You wouldn’t take a sip out of your RV sewer hose, but connecting to some campground water supply lines could be just as disgusting and dangerous to your health.
Recent news headlines show that contaminated campground water is an ongoing problem around North America. Unfortunately you can’t smell it or taste one of the most frequent contaminants, E-coli bacteria. Campers lacking RV water filtration systems are playing Russian Roulette each time they connect to a water supply.
Earlier this year, RVers in Julian, California unknowingly ingested contaminated campground water laden with the gut-wrenching E-coli bacteria. Nobody died, but campers boiled all water until further notice. Unfortunately this incident wasn’t unusual.
May 2017: Campers at Little Wood River Reservoir Campground in Cary, Idaho got a nasty surprise. Authorities found trace amounts of E-coli thriving in their contaminated campground water supply. Experts promptly shut down the system.
June 2016: The public campground at Omaha’s Lake Cunningham made headlines when water authorities detected contaminated campground drinking water. Experts closed the entire park because of E-coli.
May 2016: A Minnesota state park water supply discovered contaminated water twice in one season.
Contaminated campground drinking water can happen at great parks and bad ones. E-coli infiltrates wells for many reasons, including animal waste runoff from nearby farms, old leaky septic systems, and inadequate waste water management.
Many RV parks and campgrounds are on their own private water wells and could be at greater risk of contamination. According to the Mayo Clinic, “Private wells are a greater cause for concern because they don’t often have any disinfecting system. Rural water supplies are the most likely to be contaminated.”
How to protect yourself from contaminated campground water
We all have E-coli living in our bodies. In a normal environment, the bacteria does no harm. However certain strains are more dangerous than others. If you accidentally ingest one of the more vicious strains, you could experience the most horrific gastrointestinal distress of your life.
Symptoms include diarrhea, abdominal cramping, nausea, and vomiting. You may notice these signs the day after ingesting E-coli, or even a week later. The bacteria is especially hard (and sometimes lethal) for people with compromised immune systems, like elderly adults and young children.
Even reliable water systems can become contaminated with E-coli. But if your health is less than optimal and you want extra reassurance for your RV water supply, you can:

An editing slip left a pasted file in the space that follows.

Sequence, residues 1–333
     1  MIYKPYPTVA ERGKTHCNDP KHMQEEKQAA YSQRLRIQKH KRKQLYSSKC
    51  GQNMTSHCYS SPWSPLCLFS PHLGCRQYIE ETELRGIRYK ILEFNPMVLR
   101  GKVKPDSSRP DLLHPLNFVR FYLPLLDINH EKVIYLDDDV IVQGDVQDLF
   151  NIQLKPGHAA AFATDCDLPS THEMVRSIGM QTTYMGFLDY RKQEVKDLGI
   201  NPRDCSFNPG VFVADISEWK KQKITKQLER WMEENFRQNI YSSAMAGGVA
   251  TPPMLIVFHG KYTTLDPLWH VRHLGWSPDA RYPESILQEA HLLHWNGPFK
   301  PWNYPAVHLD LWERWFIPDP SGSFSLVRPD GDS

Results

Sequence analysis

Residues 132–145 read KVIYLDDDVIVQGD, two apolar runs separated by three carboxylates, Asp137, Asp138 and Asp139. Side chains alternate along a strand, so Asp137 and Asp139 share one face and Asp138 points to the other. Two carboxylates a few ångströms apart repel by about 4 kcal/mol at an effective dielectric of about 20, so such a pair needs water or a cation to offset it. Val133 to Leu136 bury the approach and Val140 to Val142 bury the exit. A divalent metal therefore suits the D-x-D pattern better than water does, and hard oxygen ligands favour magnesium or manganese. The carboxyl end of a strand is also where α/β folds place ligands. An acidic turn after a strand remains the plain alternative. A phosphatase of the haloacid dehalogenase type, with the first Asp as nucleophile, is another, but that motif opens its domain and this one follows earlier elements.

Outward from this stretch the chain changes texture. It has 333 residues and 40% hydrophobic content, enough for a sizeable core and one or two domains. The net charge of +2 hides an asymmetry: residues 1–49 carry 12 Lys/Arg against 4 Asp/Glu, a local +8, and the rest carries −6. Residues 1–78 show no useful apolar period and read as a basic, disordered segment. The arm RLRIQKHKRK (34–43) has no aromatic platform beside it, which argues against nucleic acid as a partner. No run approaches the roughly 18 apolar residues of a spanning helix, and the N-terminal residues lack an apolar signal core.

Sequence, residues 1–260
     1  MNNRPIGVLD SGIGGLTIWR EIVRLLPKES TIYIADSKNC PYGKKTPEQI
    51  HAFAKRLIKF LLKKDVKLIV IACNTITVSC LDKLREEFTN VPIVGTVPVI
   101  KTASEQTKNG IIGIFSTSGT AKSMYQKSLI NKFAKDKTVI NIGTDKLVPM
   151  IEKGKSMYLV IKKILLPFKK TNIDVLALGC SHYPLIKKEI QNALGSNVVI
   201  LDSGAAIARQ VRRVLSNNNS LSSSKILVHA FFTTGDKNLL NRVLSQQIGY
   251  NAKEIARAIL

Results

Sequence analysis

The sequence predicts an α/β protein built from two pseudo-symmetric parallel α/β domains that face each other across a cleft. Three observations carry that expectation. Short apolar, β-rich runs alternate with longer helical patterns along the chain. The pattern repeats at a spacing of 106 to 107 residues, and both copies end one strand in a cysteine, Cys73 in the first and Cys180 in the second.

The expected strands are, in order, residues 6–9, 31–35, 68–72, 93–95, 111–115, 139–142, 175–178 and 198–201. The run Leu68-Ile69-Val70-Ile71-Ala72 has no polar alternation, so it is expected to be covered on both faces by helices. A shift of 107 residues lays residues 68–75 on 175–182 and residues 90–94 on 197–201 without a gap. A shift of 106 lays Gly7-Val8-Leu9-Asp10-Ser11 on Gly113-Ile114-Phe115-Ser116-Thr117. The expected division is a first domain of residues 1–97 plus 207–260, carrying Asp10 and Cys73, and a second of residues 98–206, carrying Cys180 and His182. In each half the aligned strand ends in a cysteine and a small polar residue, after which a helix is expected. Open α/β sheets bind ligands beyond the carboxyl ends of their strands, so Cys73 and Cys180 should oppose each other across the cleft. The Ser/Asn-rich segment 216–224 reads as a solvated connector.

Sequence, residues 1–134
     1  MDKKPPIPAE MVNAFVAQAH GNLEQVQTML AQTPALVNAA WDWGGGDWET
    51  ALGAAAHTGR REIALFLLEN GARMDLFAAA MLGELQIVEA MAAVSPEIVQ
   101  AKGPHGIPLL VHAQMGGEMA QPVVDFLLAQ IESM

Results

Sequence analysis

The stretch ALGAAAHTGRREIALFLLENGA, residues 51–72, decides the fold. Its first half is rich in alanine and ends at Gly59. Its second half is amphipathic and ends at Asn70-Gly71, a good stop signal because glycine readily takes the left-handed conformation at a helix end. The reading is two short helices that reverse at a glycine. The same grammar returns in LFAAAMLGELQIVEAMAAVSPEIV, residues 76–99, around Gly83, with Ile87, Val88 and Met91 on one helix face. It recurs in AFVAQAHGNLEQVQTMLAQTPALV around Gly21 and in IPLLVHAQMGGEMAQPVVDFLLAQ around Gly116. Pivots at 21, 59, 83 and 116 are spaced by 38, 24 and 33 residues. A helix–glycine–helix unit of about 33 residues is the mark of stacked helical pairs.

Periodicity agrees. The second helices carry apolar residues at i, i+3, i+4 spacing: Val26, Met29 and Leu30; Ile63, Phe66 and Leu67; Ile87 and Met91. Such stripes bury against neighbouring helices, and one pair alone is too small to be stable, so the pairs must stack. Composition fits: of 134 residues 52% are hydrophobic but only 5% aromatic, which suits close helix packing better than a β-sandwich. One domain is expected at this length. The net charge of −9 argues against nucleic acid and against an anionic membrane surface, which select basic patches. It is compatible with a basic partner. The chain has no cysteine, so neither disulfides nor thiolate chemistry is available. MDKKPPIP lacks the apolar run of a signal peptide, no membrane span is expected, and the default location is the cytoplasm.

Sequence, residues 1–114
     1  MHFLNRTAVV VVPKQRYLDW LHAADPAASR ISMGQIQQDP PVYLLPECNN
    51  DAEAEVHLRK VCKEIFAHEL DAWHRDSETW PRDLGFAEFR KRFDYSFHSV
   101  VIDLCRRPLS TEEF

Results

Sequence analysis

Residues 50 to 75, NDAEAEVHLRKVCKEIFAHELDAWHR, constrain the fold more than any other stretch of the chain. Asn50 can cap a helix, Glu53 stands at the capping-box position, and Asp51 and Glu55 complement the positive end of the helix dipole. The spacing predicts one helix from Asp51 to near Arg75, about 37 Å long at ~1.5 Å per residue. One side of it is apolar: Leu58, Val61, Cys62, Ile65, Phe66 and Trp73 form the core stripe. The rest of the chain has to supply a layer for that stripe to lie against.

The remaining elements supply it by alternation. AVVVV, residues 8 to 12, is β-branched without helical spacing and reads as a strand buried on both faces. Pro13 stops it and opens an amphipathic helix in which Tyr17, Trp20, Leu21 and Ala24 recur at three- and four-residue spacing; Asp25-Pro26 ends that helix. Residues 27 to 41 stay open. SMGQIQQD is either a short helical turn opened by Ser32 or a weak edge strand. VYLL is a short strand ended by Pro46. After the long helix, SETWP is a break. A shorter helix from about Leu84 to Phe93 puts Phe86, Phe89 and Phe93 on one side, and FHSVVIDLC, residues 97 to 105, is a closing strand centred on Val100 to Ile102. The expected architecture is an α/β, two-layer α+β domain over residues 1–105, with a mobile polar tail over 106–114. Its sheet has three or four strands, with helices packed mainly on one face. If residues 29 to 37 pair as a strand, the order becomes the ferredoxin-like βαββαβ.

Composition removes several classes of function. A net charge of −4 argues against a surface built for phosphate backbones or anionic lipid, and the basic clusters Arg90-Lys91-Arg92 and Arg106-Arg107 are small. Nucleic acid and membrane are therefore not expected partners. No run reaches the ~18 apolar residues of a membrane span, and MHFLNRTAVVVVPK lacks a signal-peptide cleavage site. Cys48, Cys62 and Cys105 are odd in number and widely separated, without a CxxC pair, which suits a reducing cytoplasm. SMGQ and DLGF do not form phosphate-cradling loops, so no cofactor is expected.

- Fill your water tanks from a municipal water source.
- Install a RV water filtration system.
Choosing a RV water filtration system can seem overwhelming. Manufacturers offer many different ways to purify water but if you enjoy camping in rural locations, you may want to consider an Ultraviolet Light Sterilizer. Water purification experts say that UV light sterilizers can be used for an entire RV water system, not just drinking water. These systems don’t usually cost as much as the second best RV water purification option, a Reverse Osmosis system. “RO” systems, as they’re called, remove most contaminants from your RV water supply.
Don’t leave home without a good RV water filtration system. After all, your intestinal health and even your life could depend on it.
Rene Agredano and her husband, Jim Nelson, became full-time RVers in 2007 and have been touring the country ever since. In her blog, Rene chronicles the ins and outs of the full-timing life and brings readers along to meet the fascinating people and amazing places they visit on the road. Her road trip adventures are chronicled in her blog at LiveWorkDream.com.
Part of the clean drinking water problem is with how each water system is governed by the state and/or county (Dept. of Health) which may or may not require regular water testing for small water systems.
In our state the RV park in which I reside the state requires regular testing of the park’s water system comprised of several wells, well pumps and delivery lines. The main reason for the regular testing and monitoring by the state is the well once had problems where state inspectors were called in.